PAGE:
to listen to my body, and differentiate between fear and actual risk.
After this experience, I am more confident physically, mentally and
Along with her crash courses, Nana Ohemaa interviewed professional
Black stuntwomen and learned about representational barriers in
Hollywood, in addition to the emotional toll that some experience. A
lucrative and often underappreciated profession, many perform dangerous
stunts with little focus on mental health repercussions. As an aspiring
physician, she aims to take these lessons learned about treating the
holistic self and the importance of empathy. Furthermore, as a Residence
Life graduate hall assistant, she’s sharing her experience with other
Blue Hens and encouraging them to pursue research that challenges them.
“I’ve always been afraid of perception, but sometimes people aren’t
looking for you to fail, they are rooting for you to succeed,” Asante
said. “I would tell people about my project, and they would look at me
with admiration. Even though I’m not the most physically fit person,
they still encouraged me. The day I finally did my first handstand,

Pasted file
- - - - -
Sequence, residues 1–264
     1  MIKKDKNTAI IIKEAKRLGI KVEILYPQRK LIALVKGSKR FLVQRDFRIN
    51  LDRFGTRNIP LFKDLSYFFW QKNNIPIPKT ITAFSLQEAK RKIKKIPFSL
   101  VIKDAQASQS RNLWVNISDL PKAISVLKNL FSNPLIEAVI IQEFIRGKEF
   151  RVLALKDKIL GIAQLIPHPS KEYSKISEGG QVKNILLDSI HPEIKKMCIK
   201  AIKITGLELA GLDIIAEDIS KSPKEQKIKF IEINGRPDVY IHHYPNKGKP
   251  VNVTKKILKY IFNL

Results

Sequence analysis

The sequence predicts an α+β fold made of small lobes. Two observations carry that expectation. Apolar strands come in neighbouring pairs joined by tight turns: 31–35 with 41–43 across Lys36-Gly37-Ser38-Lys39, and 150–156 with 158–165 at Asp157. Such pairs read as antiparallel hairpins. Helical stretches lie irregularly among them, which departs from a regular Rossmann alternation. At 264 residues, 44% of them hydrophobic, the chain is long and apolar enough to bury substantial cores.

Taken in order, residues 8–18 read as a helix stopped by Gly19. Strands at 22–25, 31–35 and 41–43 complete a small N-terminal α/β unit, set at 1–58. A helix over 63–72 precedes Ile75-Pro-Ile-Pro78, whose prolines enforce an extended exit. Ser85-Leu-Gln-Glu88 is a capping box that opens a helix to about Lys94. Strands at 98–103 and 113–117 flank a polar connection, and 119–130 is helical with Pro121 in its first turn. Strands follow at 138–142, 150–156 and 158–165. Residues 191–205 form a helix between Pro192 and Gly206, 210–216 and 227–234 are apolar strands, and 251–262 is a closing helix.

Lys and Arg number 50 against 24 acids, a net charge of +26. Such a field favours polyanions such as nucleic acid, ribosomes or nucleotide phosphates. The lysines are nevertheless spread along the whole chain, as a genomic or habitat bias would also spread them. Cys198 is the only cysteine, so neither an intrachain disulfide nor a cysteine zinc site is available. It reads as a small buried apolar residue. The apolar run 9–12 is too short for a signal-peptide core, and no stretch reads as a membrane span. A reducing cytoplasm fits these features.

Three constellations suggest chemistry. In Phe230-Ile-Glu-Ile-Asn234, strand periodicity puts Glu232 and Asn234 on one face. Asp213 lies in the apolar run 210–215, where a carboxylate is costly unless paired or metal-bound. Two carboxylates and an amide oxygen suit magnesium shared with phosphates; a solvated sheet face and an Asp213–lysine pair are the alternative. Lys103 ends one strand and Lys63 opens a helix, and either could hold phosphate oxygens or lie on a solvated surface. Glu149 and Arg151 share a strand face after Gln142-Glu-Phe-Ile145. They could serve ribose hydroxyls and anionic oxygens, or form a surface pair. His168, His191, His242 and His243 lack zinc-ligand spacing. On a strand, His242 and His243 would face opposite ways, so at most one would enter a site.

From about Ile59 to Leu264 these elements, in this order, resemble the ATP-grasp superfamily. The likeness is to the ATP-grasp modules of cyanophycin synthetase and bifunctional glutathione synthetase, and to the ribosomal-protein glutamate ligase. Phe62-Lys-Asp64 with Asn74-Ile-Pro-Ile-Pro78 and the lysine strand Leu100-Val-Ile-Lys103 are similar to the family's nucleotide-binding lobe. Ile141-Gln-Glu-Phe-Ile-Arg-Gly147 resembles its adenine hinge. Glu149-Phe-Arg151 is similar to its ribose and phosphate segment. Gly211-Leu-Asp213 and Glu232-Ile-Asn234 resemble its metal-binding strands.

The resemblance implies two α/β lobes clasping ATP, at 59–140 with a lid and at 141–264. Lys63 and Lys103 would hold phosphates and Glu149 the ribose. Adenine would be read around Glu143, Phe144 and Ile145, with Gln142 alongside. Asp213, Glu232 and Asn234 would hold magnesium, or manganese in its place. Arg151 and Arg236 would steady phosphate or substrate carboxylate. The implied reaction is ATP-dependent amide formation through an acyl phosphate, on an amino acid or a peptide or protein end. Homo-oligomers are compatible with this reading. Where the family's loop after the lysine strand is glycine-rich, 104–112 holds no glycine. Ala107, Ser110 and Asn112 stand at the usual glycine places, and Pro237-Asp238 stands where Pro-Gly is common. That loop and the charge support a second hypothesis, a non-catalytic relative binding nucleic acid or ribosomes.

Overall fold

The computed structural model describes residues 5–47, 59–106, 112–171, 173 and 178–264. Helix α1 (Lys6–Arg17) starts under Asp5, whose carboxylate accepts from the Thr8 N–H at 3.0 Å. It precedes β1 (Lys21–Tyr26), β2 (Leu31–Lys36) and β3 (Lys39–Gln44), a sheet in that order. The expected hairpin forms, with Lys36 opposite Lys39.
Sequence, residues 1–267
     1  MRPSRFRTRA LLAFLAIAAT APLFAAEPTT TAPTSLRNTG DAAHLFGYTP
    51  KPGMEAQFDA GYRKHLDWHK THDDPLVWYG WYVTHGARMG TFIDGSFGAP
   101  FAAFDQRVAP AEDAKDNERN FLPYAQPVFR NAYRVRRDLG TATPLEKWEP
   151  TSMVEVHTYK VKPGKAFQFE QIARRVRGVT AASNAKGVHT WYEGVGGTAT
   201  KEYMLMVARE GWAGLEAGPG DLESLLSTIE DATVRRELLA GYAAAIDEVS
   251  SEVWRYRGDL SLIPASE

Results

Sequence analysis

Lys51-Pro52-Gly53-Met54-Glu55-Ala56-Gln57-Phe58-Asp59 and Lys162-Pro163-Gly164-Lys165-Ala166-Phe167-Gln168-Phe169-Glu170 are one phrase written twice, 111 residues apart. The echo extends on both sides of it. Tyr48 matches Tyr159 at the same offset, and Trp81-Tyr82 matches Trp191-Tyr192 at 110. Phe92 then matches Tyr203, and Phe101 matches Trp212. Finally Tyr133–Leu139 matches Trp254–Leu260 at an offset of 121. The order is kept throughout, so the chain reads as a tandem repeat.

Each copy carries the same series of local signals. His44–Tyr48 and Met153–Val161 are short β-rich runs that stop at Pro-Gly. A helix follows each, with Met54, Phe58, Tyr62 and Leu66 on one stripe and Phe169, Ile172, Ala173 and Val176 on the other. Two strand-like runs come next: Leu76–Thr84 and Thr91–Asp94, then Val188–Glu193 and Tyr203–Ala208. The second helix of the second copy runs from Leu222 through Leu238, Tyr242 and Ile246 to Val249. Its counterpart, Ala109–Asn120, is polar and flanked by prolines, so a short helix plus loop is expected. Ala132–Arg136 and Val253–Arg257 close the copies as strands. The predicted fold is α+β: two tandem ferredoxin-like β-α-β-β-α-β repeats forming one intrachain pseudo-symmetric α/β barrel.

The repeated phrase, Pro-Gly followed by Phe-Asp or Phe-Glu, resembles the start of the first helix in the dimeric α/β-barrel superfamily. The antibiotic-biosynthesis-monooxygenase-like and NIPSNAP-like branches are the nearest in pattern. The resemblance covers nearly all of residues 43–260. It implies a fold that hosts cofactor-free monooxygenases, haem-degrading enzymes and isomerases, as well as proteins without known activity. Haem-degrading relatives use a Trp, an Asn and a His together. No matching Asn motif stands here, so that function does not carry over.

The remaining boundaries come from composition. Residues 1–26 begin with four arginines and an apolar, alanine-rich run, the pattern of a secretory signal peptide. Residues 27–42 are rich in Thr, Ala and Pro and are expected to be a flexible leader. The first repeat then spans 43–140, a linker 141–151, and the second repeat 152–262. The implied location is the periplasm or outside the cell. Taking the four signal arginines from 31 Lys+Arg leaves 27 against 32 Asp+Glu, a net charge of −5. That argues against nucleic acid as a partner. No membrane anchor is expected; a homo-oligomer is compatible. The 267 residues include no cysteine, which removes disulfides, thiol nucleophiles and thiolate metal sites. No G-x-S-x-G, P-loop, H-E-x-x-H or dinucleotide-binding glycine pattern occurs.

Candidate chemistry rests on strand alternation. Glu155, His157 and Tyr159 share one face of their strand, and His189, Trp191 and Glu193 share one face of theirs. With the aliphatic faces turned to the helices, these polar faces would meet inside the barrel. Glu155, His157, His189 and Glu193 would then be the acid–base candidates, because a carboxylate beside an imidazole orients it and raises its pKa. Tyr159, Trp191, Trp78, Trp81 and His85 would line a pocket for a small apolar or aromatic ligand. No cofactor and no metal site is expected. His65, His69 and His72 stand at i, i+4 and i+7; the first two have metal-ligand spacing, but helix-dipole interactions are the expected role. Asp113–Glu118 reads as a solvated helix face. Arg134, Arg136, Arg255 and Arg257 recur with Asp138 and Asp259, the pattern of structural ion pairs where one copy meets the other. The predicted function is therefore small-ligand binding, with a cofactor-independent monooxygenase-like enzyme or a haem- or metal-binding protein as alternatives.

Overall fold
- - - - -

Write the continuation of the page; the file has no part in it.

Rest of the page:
everyone in my class was applauding.”
Through the Plastino Scholars Program, students can employ their
creativity and follow their curiosities to pursue academic research.
Plastino Scholars have traveled to every corner of the globe, from the
peak of Mount Kilimanjaro to the capital of Estonia. To be considered
for the program, students must propose an experience that will allow the
pursuit of a passionate interest that goes beyond the scope of an
academic course, normal summer job, internship or enrichment program.
Anya Sen’s research took her to Aix-en-Provence, France, located near
the historic Mediterranean port city Marseille, and Rabat, Morocco, the
capital of Marseille immigrants’ second largest country of origin.
Majoring in international relations and pursuing a triple minor in
French, legal studies and history, Sen is passionate about refugee and
migration issues and hopes to become a foreign service officer. She